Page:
MICHEL MARTIN, HOST:
Nowadays, there's no shortage of competitors for your entertainment dollar - on demand television, games on your phone, workouts, cooking videos, movies streamed into your home - not to mention the World Cup, about which we will have more to say later. But in Lexington, Tenn., one century-old, one-screen theater is taking a decidedly homespun approach to winning over and keeping its customers. WESA's Megan Harris takes us to her hometown.
DAVID CAMPBELL-WATTS: We're going to get started here in just a few minutes. If you've got your cellphones, would you put them on silence or vibrate?
MEGAN HARRIS, BYLINE: That's David Campbell-Watts, still in his apron, talking to a mostly full house inside the Princess Theatre. He always waits to start the trailers so he can catch folks up on big happenings downtown and offer - one last time - personally to grab a refill if any of y'all need one.
D. CAMPBELL-WATTS: Everybody has to have something that they do or in their business that kind of sets them apart.
HARRIS: His favorite something right now is squeezed into a corner behind the concessions counter.
UNIDENTIFIED PERSON #1: Do you want butter on the popcorn?
UNIDENTIFIED PERSON #2: Yes.
UNIDENTIFIED PERSON #1: I need a large butter.
D. CAMPBELL-WATTS: We call it It - It. It makes great popcorn. We always refer to it as It, so it sounds like something off "The Addams Family" - Cousin Itt back here.
HARRIS: It is 50 years old and taller than both of us. Campbell-Watts opens a pair of Plexiglas doors to refill a soup pot-sized kettle. The old popper served its first batches of buttery joy beneath Sergio Leone's "The Good, The Bad And The Ugly" in 1968. That showing was also the Princess's first picture shown to a fully integrated crowd. Former Henderson County historian Clay Crook remembers walking over that year on a school field trip.
CLAY CROOK: We'd all taken our seats. And a very wonderful and lovely woman of color, Ms. Robinson, was one of our second grade teachers. And she looked up towards the back, and then down at us. And she said, this is the first time that I've ever been downstairs.
HARRIS: It was a big milestone for Lexington. But people often share personal memories of the Princess, like when country stars Roy Acuff and Gene Autry drop by, or the real-life inspiration behind the "Walking Tall" films shook hands with locals in the lobby. Seventy-three-year-old McArthur Lewis remembers vividly the years when a school bus driver would haul the farm kids into town on Saturdays for 10 cents a head.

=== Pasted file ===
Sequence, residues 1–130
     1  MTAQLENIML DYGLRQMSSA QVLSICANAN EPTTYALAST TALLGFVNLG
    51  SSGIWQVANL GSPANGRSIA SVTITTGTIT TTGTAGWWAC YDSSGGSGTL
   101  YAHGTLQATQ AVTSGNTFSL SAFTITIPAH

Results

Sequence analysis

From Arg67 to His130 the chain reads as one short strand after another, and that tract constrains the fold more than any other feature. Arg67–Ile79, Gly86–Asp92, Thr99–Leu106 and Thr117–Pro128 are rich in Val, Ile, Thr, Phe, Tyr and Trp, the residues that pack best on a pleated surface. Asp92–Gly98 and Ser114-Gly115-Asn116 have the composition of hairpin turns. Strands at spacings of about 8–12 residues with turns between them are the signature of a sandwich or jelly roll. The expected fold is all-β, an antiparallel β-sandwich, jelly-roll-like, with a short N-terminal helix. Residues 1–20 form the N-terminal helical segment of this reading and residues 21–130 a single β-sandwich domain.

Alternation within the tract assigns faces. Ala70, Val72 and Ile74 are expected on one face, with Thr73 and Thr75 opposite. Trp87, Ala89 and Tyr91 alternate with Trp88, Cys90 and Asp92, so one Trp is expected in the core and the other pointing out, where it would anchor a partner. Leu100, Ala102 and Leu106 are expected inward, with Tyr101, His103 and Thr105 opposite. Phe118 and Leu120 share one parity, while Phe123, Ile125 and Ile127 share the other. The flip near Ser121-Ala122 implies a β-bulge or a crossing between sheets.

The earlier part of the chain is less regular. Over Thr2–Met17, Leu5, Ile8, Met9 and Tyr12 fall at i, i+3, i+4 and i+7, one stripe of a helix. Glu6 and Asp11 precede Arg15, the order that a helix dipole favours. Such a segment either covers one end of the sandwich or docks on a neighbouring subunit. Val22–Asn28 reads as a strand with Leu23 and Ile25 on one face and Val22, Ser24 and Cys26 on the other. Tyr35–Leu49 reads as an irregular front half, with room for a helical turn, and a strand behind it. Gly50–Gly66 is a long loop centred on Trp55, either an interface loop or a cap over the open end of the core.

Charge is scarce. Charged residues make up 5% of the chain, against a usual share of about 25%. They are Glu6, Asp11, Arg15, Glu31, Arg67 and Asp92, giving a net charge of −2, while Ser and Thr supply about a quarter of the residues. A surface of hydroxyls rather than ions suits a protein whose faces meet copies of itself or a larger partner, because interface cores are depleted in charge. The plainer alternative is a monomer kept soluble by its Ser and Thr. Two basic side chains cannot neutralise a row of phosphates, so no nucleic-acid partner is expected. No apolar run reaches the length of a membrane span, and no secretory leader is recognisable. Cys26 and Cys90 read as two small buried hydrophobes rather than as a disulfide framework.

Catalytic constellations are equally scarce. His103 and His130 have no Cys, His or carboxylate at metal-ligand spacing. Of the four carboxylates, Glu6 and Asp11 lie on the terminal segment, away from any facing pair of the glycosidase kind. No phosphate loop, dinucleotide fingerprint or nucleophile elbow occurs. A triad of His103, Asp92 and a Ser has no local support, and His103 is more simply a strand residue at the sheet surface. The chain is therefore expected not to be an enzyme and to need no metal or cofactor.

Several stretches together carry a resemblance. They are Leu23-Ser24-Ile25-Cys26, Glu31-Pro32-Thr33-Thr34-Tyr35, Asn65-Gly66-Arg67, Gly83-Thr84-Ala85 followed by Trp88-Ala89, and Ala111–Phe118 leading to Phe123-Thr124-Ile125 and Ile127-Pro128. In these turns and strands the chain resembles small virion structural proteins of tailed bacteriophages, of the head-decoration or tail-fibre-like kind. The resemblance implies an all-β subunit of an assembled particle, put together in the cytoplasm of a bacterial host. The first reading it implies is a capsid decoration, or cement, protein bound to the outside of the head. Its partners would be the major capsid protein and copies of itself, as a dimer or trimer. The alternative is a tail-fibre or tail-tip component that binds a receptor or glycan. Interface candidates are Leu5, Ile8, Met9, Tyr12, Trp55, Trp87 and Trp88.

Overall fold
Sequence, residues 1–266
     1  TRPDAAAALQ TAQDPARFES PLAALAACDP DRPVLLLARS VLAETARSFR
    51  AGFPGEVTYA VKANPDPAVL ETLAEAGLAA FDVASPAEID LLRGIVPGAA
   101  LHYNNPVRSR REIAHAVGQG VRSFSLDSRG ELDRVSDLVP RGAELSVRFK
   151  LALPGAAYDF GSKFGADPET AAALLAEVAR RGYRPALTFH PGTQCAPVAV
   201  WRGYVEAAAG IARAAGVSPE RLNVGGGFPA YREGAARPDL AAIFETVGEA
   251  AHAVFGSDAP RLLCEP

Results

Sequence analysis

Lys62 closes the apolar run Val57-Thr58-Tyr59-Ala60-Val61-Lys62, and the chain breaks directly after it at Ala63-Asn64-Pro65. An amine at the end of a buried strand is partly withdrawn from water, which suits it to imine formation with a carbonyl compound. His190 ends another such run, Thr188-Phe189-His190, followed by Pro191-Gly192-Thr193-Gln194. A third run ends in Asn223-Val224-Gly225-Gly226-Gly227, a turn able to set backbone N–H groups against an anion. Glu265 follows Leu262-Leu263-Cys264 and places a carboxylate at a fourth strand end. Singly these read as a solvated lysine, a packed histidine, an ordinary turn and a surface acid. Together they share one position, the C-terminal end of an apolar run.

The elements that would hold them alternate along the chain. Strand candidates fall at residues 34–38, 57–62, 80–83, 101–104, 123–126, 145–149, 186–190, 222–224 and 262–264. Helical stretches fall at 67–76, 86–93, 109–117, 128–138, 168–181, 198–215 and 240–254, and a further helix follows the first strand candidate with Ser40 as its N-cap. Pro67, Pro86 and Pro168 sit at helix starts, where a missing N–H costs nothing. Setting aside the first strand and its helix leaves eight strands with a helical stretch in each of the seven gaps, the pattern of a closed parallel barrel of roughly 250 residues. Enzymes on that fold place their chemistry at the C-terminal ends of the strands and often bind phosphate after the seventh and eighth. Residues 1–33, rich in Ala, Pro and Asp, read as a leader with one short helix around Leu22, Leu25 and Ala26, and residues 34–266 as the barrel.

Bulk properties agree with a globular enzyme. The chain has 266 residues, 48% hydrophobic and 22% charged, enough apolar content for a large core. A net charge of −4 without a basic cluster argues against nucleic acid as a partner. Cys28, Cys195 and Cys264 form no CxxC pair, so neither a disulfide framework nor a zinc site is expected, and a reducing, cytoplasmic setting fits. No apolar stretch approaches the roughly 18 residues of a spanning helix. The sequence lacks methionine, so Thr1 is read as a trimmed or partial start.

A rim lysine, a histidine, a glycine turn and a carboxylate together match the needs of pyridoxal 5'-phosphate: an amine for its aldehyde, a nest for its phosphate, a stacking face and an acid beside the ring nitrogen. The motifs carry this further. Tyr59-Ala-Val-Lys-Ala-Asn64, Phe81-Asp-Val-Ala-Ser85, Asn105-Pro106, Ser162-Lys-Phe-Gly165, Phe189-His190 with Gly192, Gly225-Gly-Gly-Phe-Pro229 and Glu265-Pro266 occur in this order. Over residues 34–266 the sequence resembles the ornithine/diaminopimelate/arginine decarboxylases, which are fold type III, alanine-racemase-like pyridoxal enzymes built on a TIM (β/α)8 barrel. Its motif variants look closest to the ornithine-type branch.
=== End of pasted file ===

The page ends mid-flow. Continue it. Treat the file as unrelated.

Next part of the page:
MCARTHUR LEWIS: I can't imagine anybody not coming to the theater that lived in Lexington and close to Lexington regularly.
HARRIS: And everyone remembers when Elvis made his film debut. Lewis says lines went clear around the block.
LISA CAMPBELL-WATTS: Thank you. Y'all have fun.
HARRIS: Owner Lisa Campbell-Watts says she revels in that nostalgia. When her family took over two years ago, folks needed peace of mind to know the Princess and its history would be appreciated.
L. CAMPBELL-WATTS: Everybody wants to be a part of a family. And you want to have people who love you, and when you come in, they're excited to see you. I think that's a very important part of this business, and I think it's something that's missing in the world today that we need to bring back - that people are accepted and that they're loved.
HARRIS: Those announcements down front and anecdotes about a very old popcorn machine - for the Campbell-Watts family, they're all part of the same story - one they hope to savor with a large buttered popcorn or two for years to come.
For NPR News, I'm Megan Harris in Lexington, Tenn.
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